New York — The Anti-Defamation League’s National Consumer Technology Industry divisio
By Joseph PalencharTWICE: How did various product categories perform in 2005, and what are their prospects for 2006?
Sylvester: Distributed audio was up 10 percent, and we suspect that number will continue to climb. Distributed video is a very strong category, which we expect will continue to grow with the onset of media storage devices, such as the iPod video player. The industry is definitely primed for today's video revolution.
As always, in-ceiling speakers continue to outpace in-wall designs. A lot of that has to do with the fact that in-ceiling designs are more out of the way of furniture and wall decorations. In-ceiling designs also seem to be the solution of choice in home-theater setups. Bottom line, the category will continue to grow as more specific designs are created and improved.
We're seeing tremendous growth in dedicated distributed-audio multizone receivers (for example, with eight or more channels of built-in amplification), both vertically and horizontally, as many brands are now offering different models at different price points. Even traditionally high-end companies are now entering the entry-level segment.
Ethernet-based home-control systems are the obvious future of this industry. The business model will be similar to what Microsoft did in the computer realm, allowing multiple companies, such as Dell, to make the hardware. But this market is wide open, and I predict companies like Apple will pose a great challenge to Microsoft as far as software dominance.
Ethernet-based A/V distribution, on the other hand, will grow, but there will be limitations to its growth.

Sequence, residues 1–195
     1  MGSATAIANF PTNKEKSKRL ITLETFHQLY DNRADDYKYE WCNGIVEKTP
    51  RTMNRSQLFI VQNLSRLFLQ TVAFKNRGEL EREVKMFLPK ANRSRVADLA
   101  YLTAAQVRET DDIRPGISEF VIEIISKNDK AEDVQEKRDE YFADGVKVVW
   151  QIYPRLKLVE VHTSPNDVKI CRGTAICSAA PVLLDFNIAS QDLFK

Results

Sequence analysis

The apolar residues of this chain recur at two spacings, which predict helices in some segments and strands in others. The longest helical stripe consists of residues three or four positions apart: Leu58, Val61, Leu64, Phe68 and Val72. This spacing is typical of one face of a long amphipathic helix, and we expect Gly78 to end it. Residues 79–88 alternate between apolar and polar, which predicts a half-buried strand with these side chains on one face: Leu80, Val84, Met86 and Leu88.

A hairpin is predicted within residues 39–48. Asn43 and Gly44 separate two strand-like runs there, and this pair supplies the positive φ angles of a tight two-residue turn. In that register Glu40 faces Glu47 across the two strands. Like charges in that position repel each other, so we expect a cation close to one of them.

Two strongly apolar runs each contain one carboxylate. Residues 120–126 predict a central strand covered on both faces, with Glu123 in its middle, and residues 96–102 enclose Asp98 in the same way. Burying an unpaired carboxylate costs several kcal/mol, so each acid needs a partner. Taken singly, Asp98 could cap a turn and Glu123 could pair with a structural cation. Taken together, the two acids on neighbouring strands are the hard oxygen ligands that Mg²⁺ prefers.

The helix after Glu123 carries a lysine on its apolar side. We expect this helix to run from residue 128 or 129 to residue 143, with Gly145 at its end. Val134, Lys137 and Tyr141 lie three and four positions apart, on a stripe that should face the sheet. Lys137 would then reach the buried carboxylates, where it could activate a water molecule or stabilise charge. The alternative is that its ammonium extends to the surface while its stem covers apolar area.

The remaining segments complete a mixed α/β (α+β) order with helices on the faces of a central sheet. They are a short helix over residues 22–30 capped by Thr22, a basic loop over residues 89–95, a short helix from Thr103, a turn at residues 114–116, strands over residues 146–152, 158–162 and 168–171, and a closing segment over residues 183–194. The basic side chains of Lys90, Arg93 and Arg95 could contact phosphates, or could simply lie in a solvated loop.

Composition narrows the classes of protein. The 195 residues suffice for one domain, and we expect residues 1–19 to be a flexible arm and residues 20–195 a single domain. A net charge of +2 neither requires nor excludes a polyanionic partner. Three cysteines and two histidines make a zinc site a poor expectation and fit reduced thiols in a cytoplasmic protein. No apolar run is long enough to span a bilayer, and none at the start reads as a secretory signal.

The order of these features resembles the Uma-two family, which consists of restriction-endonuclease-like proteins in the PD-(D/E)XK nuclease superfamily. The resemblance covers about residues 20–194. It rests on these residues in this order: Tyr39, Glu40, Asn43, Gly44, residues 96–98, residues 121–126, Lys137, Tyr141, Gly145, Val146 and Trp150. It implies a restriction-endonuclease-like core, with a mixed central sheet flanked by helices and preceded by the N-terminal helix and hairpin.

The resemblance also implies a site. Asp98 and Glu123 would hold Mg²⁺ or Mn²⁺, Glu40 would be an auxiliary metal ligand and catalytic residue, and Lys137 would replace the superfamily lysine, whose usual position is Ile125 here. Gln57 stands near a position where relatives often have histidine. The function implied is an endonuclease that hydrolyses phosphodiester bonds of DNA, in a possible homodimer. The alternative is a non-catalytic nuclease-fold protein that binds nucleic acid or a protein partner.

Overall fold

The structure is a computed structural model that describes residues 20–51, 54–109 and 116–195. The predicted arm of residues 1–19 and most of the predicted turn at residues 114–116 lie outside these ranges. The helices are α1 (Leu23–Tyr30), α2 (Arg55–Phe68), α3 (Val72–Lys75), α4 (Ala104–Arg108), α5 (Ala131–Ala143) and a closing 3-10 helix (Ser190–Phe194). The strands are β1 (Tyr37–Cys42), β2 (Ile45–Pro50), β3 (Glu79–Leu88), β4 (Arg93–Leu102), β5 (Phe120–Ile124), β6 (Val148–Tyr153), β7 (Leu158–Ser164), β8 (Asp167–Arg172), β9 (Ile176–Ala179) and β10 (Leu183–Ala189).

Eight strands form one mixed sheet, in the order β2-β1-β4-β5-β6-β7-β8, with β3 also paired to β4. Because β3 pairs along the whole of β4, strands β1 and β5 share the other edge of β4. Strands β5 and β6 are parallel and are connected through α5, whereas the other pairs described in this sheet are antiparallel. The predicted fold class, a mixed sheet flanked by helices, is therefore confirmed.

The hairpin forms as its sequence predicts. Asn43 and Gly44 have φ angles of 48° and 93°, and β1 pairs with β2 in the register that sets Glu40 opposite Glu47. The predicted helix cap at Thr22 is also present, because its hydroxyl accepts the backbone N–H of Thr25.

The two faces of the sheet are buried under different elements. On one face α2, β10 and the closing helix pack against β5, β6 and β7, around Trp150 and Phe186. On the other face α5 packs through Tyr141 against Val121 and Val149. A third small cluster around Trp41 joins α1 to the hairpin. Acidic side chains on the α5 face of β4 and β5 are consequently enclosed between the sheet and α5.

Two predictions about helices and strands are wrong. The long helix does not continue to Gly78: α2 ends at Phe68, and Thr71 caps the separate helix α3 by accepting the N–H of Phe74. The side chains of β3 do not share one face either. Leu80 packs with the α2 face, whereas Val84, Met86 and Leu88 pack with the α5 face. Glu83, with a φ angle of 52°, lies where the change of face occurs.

The growth of wireless control and wireless distribution of audio and video content, will be paced by improvements made to wireless technology. This is a market that must deal with reliability issues.
Bente: In distributed audio, we were up at least 25 percent, and this is at the high end, where we have an extremely strong presence. I know a flood of lower-cost systems came to market in 2005 and, at least from industry figures, the entire segment grew more than 30 percent.
Distributed video is getting more important every day but is still slow in uptake. We have observed modest growth at the very high end only. We do know, however, that the consumer feels this is a very important area for future systems, and we plan to incorporate distributed-video functionality in many new products that we will introduce in 2006 and 2007. In architectural speakers, we recorded huge growth for in-ceiling speakers, and we know that this was the case for the entire industry in 2005. Many consumers have indicated their preference for in-ceiling rather than in-wall speakers.
Our in-ceiling business is booming, and we have plans that call for even bigger growth in the next few years. Even the use of in-ceiling speakers for home theater is showing big gains. Few speakers perform optimally in this application, but we are bringing a specialized line to market in 2006 that gets much closer to real theater performance.